Purdue Research Park-based life sciences firm receives $300,000 NIH grant

November 13, 2012  


WEST LAFAYETTE, Ind. - A life sciences company whose technology could help researchers develop drug candidates to battle cancer, diabetes, and immune system and neurological disorders has received a $300,000 grant from the National Institutes of Health.

 Tymora Analytical Operations LLC, a Purdue Research Park-based company, received the SBIR Phase I grant to optimize and strengthen its PolyMAC product. The technology promotes the discovery of new disease targets in laboratory settings. It is based on research by W. Andy Tao, associate professor in Purdue's Department of Biochemistry. The company licensed the technology through the Purdue Office of Technology Commercialization.

Anton Iliuk, president and chief technology officer, said PolyMAC could help determine whether a potential drug in development is focused on the intended disease targets. He described how the NIH funding will benefit Tymora Analytical Operations' efforts.

"Products currently available on the market typically see only the tip of the iceberg of a disease," he said. "PolyMAC technology allows a researcher to dive deeper into the complicated disease network to find the most optimal and promising treatment targets."

Iliuk said the company's focus is to strengthen efforts in university and industrial laboratories to find more effective, efficient drug treatment candidates for cancer, immunological and infectious illnesses, and diabetes.

Tymora Analytical Operations received a $150,000 SBIR Phase I grant from the NIH to develop an application for its pIMAGO platform earlier in 2012. It also received a $150,000 SBIR Phase I grant from the National Science Foundation in 2011, and $20,000 from the Purdue-administered Emerging Innovations Fund in 2012.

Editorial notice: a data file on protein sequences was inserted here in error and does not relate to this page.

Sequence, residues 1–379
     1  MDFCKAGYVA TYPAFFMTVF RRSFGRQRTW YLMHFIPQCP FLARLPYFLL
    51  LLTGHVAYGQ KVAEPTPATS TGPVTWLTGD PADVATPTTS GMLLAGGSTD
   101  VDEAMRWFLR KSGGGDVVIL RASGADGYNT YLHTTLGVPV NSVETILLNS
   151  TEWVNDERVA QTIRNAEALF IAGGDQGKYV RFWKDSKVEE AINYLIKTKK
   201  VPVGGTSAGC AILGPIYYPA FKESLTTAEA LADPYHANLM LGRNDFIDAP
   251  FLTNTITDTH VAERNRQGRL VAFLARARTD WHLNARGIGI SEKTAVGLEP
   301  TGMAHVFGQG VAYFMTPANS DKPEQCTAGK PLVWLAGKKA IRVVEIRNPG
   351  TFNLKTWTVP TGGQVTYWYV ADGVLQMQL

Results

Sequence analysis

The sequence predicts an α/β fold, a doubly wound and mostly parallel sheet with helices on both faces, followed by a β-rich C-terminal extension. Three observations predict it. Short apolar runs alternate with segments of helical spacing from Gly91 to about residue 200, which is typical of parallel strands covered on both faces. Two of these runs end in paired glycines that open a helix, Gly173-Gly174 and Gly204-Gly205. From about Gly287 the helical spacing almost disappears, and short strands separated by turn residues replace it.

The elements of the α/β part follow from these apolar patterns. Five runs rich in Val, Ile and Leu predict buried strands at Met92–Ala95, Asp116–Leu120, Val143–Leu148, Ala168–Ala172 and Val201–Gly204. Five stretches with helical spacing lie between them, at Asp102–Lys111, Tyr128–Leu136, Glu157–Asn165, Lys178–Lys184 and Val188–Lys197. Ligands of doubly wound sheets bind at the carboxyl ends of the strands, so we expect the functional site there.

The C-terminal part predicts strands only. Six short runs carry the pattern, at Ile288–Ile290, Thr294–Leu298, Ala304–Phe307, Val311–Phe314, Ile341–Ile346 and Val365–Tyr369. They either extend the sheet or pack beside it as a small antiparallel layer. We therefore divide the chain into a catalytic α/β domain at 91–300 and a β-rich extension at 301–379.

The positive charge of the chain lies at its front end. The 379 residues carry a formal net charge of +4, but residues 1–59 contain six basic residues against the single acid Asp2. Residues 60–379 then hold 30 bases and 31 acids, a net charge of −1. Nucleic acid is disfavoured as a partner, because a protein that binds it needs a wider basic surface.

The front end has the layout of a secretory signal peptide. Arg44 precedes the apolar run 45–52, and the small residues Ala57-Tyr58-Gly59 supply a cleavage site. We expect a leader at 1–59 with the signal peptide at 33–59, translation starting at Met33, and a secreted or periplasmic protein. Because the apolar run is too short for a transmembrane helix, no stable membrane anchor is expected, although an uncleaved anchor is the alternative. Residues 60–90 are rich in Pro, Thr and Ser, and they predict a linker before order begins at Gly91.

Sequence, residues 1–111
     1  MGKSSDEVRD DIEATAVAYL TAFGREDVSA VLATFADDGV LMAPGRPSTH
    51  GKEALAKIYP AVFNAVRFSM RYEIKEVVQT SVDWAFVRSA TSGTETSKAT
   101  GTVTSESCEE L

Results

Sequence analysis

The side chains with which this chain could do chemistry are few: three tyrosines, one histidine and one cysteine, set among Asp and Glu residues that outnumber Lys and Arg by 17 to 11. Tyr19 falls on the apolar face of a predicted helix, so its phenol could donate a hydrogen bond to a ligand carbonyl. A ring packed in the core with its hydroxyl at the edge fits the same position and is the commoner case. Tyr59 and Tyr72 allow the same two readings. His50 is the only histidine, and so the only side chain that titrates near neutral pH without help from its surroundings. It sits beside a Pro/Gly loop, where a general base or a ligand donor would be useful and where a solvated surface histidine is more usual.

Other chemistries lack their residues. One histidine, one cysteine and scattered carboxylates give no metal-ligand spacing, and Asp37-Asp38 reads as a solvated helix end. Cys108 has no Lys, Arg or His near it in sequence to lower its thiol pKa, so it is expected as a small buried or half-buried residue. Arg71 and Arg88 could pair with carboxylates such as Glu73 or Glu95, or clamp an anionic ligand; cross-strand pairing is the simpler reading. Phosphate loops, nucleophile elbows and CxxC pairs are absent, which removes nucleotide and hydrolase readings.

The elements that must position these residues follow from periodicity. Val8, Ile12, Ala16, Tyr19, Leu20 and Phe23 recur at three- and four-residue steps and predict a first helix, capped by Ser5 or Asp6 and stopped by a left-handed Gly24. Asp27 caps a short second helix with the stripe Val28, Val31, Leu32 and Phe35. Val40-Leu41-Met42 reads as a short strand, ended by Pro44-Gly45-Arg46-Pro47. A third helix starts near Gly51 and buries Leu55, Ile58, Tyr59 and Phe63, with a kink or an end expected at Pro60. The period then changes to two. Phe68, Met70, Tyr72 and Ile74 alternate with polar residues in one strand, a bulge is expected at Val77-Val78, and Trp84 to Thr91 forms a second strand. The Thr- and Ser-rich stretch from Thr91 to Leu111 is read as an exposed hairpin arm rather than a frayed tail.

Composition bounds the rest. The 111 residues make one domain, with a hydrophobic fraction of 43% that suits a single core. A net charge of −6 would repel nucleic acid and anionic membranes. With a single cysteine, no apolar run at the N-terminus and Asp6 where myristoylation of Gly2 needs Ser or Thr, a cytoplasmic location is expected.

About Tymora Analytical Operations LLC

Tymora Analytical Operations was established in 2010 to provide new nanotechnology-based products to serve the R&D market in the life sciences. Tymora has developed a nanoscale platform technology - with PolyMAC and pIMAGO as the lead products - for unmet needs in the analysis of protein phosphorylation that relates to the onset of numerous diseases, most notably cancer.

About Purdue Research Park

The Purdue Research Park, with four locations across Indiana, has the largest university-affiliated business incubation complex in the country. The park network is home to about 200 companies that employ 4,000 people and are located in West Lafayette, Indianapolis, Merrillville and New Albany.

Purdue Research Park contact: Steve Martin, 765-588-3342, sgmartin@prf.org

Source: Anton Iliuk, 765-490-6834, anton.iliuk@tymora-analytical.com

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